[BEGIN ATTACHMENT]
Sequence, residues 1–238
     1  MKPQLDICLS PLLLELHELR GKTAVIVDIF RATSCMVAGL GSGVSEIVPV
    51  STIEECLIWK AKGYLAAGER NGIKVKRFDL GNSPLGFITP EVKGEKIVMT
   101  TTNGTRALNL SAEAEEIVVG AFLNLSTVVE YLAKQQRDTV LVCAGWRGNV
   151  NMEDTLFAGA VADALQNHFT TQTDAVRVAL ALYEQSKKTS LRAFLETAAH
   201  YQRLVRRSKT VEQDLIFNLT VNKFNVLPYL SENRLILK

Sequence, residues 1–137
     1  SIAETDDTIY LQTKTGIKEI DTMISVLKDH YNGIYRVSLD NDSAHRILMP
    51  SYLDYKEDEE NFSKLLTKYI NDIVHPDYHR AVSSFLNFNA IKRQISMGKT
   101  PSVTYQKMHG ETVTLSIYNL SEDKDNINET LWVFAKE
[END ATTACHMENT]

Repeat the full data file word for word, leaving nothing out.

Sequence, residues 1–238
     1  MKPQLDICLS PLLLELHELR GKTAVIVDIF RATSCMVAGL GSGVSEIVPV
    51  STIEECLIWK AKGYLAAGER NGIKVKRFDL GNSPLGFITP EVKGEKIVMT
   101  TTNGTRALNL SAEAEEIVVG AFLNLSTVVE YLAKQQRDTV LVCAGWRGNV
   151  NMEDTLFAGA VADALQNHFT TQTDAVRVAL ALYEQSKKTS LRAFLETAAH
   201  YQRLVRRSKT VEQDLIFNLT VNKFNVLPYL SENRLILK

Sequence, residues 1–137
     1  SIAETDDTIY LQTKTGIKEI DTMISVLKDH YNGIYRVSLD NDSAHRILMP
    51  SYLDYKEDEE NFSKLLTKYI NDIVHPDYHR AVSSFLNFNA IKRQISMGKT
   101  PSVTYQKMHG ETVTLSIYNL SEDKDNINET LWVFAKE